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Archbishop Morgan: We need a cultural change in the kind of church we are

Posted on: November 25, 2014 3:20 PM
Lena Lacey-Hughes inside the You Cube shelter
Photo Credit: Church in Wales
Related Categories: Abp Morgan, Wales

The Church in Wales needs to re-imagine itself in order to serve its communities more effectively, the Archbishop of Wales said at a landmark conference.

Dr Barry Morgan said changes already underway following a full-scale review aimed to help churches grow and minister more effectively.

The Archbishop was speaking at a landmark two-day conference in Llandudno on the weekend (Nov 21-22). More than 240 people from across Wales attended The Time Is Now conference to learn about changes taking place in the Church’s six diocese as part of the Church’s strategy for growth.

Called 2020 Vision, the strategy follows an independent review of the Church which was commissioned to see how it could best serve Wales by the time it celebrates its centenary in 2020. At its core are the creation of “Ministry Areas” led by teams of clergy and lay people, replacing the traditional pattern of smaller parishes led by one cleric.

The conference was facilitated by Lord Dafydd Elis-Thomas AM and reflections were given by a prominent theological from the Church of England, Canon Dr Christina Baxter.

The Archbishop said, “This conference is about the need for us, as a church, to relate more effectively to the people and communities of Wales as we approach the centenary of our disestablishment.

“How can we, as laity and clergy together, be more effective in our mission and outreach?  The Church in Wales Review, chaired by Lord Harries, was undertaken in the light of that question. Since then, the Church has been exploring the challenges set out in it and its recommendations, and is aiming to set an agenda for growth through its 2020 Vision.

“Much of this work has been carried out by dioceses and at a local level, with an emphasis on reimagining the Church in such a way that it is truly equipped to serve the communities and people of Wales.  We have been required to revisit long-held understandings of how we provide ministry, by and to whom, and how we relate to our communities.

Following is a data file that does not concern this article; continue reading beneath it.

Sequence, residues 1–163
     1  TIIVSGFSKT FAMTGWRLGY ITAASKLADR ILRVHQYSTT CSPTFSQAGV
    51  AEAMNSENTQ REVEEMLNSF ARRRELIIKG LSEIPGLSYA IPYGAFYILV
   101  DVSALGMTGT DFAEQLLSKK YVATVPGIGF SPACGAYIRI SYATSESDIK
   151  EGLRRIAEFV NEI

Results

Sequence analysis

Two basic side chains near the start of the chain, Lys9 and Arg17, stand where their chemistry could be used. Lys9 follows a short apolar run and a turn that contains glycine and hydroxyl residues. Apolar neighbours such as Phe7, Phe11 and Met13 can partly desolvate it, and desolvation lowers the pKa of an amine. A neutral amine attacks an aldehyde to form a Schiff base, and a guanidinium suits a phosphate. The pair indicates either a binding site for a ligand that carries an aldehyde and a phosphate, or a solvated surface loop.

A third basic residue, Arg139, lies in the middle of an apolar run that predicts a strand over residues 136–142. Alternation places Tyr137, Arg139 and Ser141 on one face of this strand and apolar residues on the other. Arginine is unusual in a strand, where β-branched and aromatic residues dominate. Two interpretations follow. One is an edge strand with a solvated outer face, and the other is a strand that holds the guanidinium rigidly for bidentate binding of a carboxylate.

“It is not about doing more with less but more about a cultural change in the kind of church we are – realising that the mission and ministry of Jesus has been entrusted to the church as a whole, not just to bishops and clergy.  How then do we together seek to worship God and serve His world? 

“We are still only at the beginning of our journey, and so this is an ideal opportunity to come together as a Church and share – openly and honestly – our experiences and plans so that we can learn from one another.”

From “clean comedy” acts to community cafes – examples of new ways in which churches were reaching out to people who no longer come through their doors were given in presentations from each diocese during the conference. The themes were: Where Are We – a time of hope and change; Who Are We – are there enough of us?; Who Are We – shaping ourselves to serve the people of Wales; and Why Are We – what is the Church for?

The delegates, which included 30 people from each of the Church’s six diocese, learnt about training of Ministry Area leaders in Monmouth Diocese, involvement with wedding fairs in Llandaff Diocese, ministry to young people and families in Bangor Diocese, the setting up of a cafe in St Asaph Diocese offering free meals and prayers, the story of one church’s growth in Caia Park, the development of lay ministry in St Davids Diocese and the success of a family centre run by the Diocese of Swansea and Brecon.

The presentations were followed by discussion of the themes in groups and reflections by Dr Baxter. There were three worship sessions, including one entirely on video. The addresses were given by the Revd Dr Mark Clavier, acting Principal of St Michael's College, Cardiff, There was also a "soul space" where people could go for private prayer and meditation.

You Cubes

Delegates were asked to thinking outside the box and telling their stories of faith on You Cube ahead of the conference.

About 1,000 large cubes were sent to congregations and church schools across Wales and people were asked to use them to tell their stories of faith by decorating each side with words, pictures, photographs or collages.

Once they were completed about 30 from each of the Church’s six dioceses, were taken to Llandudno where they were used symbolically to build a wall, a refuge and finally an altar as part of the worship sessions. At the end of the conference, the You Cubes were handed out to different delegates for them to take back to their churches.